Contador has conquered this behemoth sojourn three times. Now, the rigors of the route may soon conquer him.

Credit Voeckler's teammate, Pierre Rolland, for keeping him in yellow. French spectators could not have scripted a better story on Bastille Day. Blame the uncertainty surrounding Contador's three-peat bid for the uncommon pandemonium.

Collisions occur each year, and many involve prominent riders. It is rare, though, that so many contenders are eliminated before the punishing Pyrenees. Stage 12 afforded Contador the cushion he needed less than 12 months ago. Nothing seems settled now.


The Spanish champ expended an alarming amount of energy to win the Giro d'Italia. Does he have enough fuel left to make his move as the towering col d'Aubisque and Plateau de Beille beckon? He can erase his four-minute deficit to Voeckler, but can he overtake Australian Cadel Evans or either of the Schleck brothers?



Evans' BMC racing squad has done a superb job pacing him to the Pyrenees. He approached the mountain stages in perfect position to pounce. Friday or Saturday, he just might strike and wreck Contador's hopes for good.

The embattled reigning yellow jersey winner must surmount a horrid start that included three separate wrecks. Then, he must outsmart and out-ride worthy competitors. None of them appear willing to concede an inch or the minutes he needs back.

He lost precious seconds when gaining a sizable advantage might have crushed his pursuers. They want to take the shirt off his back—and that task looks simpler now than most imagined. A man known for breaking his opponents is one more stroke of misfortune from broken. One more errant turn could cost him the Tour's jackpot.

He'll need to close a several-minute gap to leapfrog Evans. A crippling crunch forced Frank Schleck to abandon the 2010 race. His health and laudable form changes the complexion of this one. He has even out-dueled his brother Andy thus far.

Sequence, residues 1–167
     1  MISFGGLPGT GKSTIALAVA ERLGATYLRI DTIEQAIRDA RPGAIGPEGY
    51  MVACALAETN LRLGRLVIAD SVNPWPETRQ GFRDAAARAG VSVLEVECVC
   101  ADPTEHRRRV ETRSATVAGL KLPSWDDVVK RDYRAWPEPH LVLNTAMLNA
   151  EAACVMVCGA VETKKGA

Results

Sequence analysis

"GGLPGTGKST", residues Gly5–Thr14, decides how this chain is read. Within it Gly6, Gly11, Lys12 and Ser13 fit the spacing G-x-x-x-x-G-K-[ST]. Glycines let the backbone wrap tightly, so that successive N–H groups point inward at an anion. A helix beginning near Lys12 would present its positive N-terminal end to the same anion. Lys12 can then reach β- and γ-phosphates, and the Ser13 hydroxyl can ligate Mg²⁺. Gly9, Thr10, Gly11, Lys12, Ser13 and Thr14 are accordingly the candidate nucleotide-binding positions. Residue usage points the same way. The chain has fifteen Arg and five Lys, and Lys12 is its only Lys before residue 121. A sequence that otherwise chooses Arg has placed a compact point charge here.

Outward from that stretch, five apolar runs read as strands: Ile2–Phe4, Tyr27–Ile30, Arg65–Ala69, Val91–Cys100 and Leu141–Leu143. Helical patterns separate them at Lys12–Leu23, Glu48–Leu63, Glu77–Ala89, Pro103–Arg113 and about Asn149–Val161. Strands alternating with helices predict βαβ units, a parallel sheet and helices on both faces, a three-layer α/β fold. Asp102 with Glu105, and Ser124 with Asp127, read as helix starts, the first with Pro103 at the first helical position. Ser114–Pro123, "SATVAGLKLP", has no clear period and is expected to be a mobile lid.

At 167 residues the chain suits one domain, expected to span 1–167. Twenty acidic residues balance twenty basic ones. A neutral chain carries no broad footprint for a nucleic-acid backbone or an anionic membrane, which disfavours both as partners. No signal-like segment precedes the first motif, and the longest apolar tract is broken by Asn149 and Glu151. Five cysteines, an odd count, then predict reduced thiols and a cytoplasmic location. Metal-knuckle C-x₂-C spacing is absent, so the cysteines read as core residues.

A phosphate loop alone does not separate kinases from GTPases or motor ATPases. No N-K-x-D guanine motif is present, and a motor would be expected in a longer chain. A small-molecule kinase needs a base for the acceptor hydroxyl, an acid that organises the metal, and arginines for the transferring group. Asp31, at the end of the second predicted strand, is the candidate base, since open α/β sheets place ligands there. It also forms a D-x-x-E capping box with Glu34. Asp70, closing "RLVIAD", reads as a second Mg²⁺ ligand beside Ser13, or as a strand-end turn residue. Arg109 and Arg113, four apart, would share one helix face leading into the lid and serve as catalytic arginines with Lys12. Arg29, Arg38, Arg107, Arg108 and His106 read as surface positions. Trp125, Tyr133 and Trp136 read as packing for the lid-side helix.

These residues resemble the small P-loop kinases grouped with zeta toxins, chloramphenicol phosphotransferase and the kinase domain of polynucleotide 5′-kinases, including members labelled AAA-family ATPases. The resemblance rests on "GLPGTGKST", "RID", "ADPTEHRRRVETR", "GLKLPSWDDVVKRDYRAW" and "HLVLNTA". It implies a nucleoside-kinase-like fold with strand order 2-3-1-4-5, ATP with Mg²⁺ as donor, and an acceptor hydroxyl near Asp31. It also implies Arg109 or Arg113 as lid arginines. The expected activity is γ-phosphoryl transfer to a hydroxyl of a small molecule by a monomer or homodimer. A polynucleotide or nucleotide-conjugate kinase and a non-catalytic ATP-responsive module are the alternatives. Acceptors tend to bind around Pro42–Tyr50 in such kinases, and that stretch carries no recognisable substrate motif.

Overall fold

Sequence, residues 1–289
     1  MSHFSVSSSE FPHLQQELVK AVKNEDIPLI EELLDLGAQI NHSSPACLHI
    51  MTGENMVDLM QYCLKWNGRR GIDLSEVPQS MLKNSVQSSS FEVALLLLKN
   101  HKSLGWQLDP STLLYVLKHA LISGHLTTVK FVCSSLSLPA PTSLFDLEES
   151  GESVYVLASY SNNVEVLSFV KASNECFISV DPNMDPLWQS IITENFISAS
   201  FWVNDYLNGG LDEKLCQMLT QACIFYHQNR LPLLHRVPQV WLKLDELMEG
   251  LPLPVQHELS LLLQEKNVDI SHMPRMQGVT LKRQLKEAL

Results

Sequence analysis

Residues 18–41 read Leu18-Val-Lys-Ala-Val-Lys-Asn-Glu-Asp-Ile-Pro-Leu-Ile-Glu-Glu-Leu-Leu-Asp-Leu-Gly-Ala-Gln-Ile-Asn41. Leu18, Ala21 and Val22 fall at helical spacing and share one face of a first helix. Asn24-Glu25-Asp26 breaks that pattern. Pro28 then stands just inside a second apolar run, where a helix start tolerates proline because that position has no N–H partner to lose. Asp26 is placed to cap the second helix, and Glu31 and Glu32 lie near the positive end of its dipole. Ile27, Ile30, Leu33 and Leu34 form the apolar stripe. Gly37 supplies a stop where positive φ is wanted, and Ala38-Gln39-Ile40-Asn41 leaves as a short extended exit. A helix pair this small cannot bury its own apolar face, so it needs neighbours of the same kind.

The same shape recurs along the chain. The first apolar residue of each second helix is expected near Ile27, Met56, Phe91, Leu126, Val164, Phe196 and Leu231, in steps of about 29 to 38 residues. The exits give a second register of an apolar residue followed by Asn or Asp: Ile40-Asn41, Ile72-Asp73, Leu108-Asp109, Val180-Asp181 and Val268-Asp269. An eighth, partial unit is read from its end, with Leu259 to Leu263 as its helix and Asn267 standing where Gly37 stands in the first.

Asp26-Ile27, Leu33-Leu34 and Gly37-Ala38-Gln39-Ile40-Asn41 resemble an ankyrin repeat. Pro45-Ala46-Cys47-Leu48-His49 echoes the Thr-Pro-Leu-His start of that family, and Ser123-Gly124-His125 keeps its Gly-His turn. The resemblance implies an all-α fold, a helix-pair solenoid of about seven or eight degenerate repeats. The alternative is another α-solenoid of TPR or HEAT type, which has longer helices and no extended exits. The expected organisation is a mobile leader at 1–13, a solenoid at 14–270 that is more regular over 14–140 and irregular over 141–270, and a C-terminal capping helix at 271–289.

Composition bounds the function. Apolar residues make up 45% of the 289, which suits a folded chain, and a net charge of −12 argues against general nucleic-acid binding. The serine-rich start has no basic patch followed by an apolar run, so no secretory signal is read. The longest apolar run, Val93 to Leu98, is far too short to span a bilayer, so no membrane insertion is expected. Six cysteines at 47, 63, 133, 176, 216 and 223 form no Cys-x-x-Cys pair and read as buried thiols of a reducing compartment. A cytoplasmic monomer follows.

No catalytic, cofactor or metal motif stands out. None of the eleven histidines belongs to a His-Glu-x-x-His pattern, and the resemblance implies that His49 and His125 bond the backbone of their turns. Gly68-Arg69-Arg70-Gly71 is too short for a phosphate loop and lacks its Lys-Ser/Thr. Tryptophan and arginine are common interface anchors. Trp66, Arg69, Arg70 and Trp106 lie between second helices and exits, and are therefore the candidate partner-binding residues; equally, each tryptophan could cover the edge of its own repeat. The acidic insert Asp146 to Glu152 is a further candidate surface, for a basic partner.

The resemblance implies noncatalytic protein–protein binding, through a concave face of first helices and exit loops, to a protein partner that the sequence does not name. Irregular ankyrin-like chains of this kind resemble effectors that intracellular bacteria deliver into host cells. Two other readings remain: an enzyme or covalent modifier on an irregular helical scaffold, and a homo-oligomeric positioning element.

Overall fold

Do not write off Voeckler as a potential spoiler. His determination clobbered his pessimism Thursday—he might have the legs to pull off a surprise.

Contador tested positive for the banned substance Clenbuterol and awaits final word on whether cycling's chiefs will strip him of his last title. He blamed rancid meat for the damaging lab result. The riders salivating at the chance to dethrone him will bear down faster and harder than any official in a suit.



Evans may soon seize this Tour and leave a polarizing, world-class reigning champion in his dust. Bailing on such a decorated foe before he can launch a field-changing attack qualifies as stolid to the point of absurdity. Contador's rivals know better than to reach for shovels. That does not mean they have not located a few such tools.

His fate and burden: lose any more ground and the dirt will come flying faster than a time-trialist riding with a jet pack. He is as vulnerable as he might ever be in a career that already stands with some all-time greats.

If he has mastered the art of composure amidst bedlam, the Schlecks, Evans and others understand this opportunity may not come again. They better topple Contador while they can.

An upstart boxer would not shun a bout with an ailing Muhammad Ali. A gifted basketball player would not pass up a playoff series with a rusty Michael Jordan. The torment ahead will determine whether any man can land the knockout blow.

The murky general classification explains the pileups and high-profile withdrawals as much as anything else. The climbs continue and so does the mystery.

So much carnage; so much intrigue. Anybody's race.